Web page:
Skip to Content

Carol M. Olmstead
media room
carol's videos
media coverage
news releases
"Living Feng Shui" magazine
bio and photo
articles about and by Carol Olmstead
Broadcast & Internet Interviews
news releases

< Previous | Next >

Creating a Harmonic Office

From, March 2001

Carol Olmstead used to sit with her back to the door of her home office. That was before she learned about Feng Shui, an ancient Chinese art form that focuses on the colors, shapes and textures of one's surroundings. When a friend told her about the wonders of Feng Shui, Olmstead rearranged her office so that she could see the door.

Just two weeks later, she landed a major contract with a company in Hawaii. The firm even paid her to stay an extra week, so that she could do her presentation for an associate who was away on business.

"I said to myself, 'The only thing I changed was my environment,'" says Olmstead. "That told me that there was something about Feng Shui that I needed to look into. The more I studied, the more I realized that what we put into our offices in terms of color and shape and texture affects how we not only survive in that office, but also how we thrive in that office and in that business."

Olmstead became such a believer that she phased out her public relations consultancy and studied under a Feng Shui master. She is now a certified Feng Shui professional who advises individuals and businesses on how to arrange their surroundings in order to achieve their goals and objectives. Let's say they want to become more creative. Olmstead might advise them to add some add black, dark blue or patterned items to their office. Those colors and patterns - basically anything that is curved or flowing - represents water, a symbol of a flowing environment.

"My clients tell me what they're looking to change in their business," Olmstead says. "Then I recommend cures for their environment that can help bring about those changes."

About six months ago, she helped a small, home-based computer firm set up its first leased office. The firm began to grow so quickly that within six months it needed to move to a larger space. And the owners contacted Olmstead to help them once again.

Olmstead admits that she's not a traditional Feng Shui consultant. Instead of telling her clients to place mirrors, fountains and three-legged frog statues in their homes and offices, she helps them develop an environment that works best for them. She does, however, incorporate the traditional five elements of Feng Shui:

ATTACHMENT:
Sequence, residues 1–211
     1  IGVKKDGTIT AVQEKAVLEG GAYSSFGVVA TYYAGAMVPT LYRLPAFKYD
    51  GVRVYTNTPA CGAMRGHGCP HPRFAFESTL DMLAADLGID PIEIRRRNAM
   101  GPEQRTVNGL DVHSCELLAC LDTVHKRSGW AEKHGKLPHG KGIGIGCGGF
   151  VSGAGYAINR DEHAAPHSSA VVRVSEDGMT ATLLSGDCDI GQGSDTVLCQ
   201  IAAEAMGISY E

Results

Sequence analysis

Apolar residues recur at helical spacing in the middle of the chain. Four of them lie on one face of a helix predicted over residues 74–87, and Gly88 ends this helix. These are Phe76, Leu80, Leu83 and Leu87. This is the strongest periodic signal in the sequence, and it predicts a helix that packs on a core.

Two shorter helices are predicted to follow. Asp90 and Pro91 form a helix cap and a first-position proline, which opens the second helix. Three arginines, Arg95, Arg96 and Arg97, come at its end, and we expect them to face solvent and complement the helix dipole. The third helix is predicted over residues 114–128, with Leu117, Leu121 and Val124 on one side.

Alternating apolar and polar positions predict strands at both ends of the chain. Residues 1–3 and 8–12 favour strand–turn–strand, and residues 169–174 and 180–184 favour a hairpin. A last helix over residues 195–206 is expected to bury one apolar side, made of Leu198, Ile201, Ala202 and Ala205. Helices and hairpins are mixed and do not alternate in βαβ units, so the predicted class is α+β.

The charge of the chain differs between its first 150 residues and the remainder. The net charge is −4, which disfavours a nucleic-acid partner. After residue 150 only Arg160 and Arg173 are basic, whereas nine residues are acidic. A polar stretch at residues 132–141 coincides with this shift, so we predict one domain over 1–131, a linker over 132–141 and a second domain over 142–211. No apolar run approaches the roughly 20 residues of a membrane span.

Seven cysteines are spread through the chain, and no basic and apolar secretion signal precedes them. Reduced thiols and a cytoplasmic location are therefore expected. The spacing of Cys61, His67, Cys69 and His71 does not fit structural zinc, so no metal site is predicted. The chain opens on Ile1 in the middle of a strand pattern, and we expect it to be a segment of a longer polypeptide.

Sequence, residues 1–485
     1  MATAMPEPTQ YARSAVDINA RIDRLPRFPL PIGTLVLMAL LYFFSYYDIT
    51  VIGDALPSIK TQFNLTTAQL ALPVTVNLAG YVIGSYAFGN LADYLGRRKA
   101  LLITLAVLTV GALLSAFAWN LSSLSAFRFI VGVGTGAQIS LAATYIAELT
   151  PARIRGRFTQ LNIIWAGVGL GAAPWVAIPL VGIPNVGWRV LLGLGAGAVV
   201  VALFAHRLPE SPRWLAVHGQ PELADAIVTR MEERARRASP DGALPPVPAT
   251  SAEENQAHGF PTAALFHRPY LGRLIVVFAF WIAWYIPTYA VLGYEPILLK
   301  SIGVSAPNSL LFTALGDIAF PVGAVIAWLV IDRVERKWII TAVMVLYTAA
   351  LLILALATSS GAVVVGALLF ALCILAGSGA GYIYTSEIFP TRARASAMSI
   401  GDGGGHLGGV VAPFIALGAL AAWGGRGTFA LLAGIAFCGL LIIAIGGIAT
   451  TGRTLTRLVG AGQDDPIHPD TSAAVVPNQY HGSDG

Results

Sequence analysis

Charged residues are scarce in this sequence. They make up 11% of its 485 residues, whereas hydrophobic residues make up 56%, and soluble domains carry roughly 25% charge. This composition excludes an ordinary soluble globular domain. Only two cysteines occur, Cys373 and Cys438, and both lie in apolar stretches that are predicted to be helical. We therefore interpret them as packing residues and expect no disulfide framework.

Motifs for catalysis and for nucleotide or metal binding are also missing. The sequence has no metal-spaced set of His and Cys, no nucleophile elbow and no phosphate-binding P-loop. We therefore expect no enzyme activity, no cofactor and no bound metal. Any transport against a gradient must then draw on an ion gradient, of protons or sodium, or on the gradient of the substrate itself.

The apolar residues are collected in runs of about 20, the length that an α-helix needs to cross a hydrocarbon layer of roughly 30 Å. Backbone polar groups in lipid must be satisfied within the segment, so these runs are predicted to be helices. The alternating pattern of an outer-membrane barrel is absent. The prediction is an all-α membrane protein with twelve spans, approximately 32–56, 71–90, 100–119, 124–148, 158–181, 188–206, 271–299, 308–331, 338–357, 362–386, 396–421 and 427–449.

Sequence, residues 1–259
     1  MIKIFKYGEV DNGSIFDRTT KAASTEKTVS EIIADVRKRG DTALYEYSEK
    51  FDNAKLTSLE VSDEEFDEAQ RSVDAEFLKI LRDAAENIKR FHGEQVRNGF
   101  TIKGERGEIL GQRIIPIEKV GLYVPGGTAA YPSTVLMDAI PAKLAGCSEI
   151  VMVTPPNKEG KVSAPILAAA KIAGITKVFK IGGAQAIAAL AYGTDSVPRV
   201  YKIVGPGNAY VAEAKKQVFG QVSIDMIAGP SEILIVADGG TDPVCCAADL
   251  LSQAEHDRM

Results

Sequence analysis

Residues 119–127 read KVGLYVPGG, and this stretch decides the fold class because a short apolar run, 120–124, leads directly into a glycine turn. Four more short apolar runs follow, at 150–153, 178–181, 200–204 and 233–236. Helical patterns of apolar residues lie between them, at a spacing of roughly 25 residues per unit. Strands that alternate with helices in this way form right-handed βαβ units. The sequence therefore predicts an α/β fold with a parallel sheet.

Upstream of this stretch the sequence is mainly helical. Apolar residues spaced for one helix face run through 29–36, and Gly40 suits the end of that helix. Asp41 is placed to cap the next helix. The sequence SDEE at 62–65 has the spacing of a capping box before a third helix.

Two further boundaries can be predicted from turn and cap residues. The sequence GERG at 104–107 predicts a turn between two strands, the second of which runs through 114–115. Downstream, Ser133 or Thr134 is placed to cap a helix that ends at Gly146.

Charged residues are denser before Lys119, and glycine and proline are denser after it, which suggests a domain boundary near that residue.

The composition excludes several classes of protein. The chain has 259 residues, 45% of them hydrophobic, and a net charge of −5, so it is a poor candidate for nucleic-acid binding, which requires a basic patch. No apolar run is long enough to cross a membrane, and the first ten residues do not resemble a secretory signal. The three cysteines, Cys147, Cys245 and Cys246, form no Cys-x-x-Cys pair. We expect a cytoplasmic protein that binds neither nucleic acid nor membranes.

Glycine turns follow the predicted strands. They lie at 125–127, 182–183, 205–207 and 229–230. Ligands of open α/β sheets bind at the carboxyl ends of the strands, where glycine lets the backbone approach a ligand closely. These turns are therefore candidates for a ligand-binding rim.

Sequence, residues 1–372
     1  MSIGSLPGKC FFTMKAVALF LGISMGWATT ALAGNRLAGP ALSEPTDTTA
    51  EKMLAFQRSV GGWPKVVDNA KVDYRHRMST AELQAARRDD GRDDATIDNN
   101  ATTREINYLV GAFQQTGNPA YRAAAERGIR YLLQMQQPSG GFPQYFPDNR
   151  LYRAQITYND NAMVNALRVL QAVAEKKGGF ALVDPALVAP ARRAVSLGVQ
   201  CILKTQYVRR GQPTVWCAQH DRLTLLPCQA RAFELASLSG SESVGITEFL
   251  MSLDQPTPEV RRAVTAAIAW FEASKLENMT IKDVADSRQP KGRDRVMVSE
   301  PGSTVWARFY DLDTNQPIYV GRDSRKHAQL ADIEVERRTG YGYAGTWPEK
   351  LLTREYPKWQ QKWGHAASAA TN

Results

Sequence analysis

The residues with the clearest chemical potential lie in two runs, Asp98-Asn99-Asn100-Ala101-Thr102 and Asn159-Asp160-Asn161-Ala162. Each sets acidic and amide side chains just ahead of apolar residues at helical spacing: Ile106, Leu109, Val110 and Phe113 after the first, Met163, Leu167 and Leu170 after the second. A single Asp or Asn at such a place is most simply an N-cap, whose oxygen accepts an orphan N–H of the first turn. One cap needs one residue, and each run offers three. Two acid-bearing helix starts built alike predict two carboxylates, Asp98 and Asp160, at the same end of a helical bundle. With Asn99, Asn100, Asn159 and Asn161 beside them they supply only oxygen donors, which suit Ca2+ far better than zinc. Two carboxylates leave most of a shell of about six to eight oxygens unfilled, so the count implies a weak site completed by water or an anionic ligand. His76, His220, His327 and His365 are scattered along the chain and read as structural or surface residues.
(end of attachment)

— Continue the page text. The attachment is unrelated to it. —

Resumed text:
• Rectangular wood, or green, elements to represent growth.
  • Triangular fire, or red, elements to represent power.
  • Brown, earth elements to represent grounding or stability.
  • Round, metal and pastel items to represent mental focus.
  • Water elements in blacks, dark blues and patterns to represent flow, or creativity.
Olmstead provides clients with a bagua - or what she calls a mapping chart - that places those elements in certain positions, depending on the client's objectives. She also makes three basic suggestions, which she says can help any business. They are:
  • Get in position. This was the first lesson Olmstead learned: Never sit with your back to the door. "Symbolically, you can be caught off guard by your clients and your competitors," she says. "If you can't reposition your furniture, then you need to put a small mirror on your desk so you can see the doorway. It will make you feel more grounded, more secure."
  • Reduce clutter. Everyone has clutter, says Olmstead, and everyone should cut it down as much as possible. "Clutter represents stuck energy and postponed decisions," she says. "The best way to contain clutter is to invest in good storage, such as filing cabinets and bookcases, some with doors. Get rid of stuff you don't need." If you're not sure about a particular item, Olmstead suggests that you put it in the trunk of your car and drive around with it for 30 days. If you don't need it during that time, get rid of it. And take the clutter-reduction process slowly. Put on your favorite music CD and spend those 20 minutes or so cleaning out your closet, filing cabinet or desk. When you've listened to the last song on that CD, stop cleaning. Then do the same thing the next day - until you've sufficiently reduced your clutter.
  • Fix or replace broken items. This is similar to the clutter concept. Broken items have a negative effect on energy. "Anything that doesn't work represents a disregard for your work," Olmstead says. "It represents more of this stuck energy and drags you down." So, if you've got a lamp that doesn't work or even a lampshade that is stained, fix it, clean it or get rid of it.
Feng Shui is catching on among such cosmopolitan locations as London, New York and San Francisco. But it's been much more slowly adopted in more conservative regions like the Washington, D.C., area where Olmstead practices. "People are fairly traditional and they think of Feng Shui as mirrors and fountains and three-legged frogs," she says. "But you can do very practical things. I'm finding those business clients who use Feng Shui find amazing results." For tips on how to use Feng Shui to make your meetings more productive, see Preferred Seating.

copyright 2001

© Copyright 2024, Carol Olmstead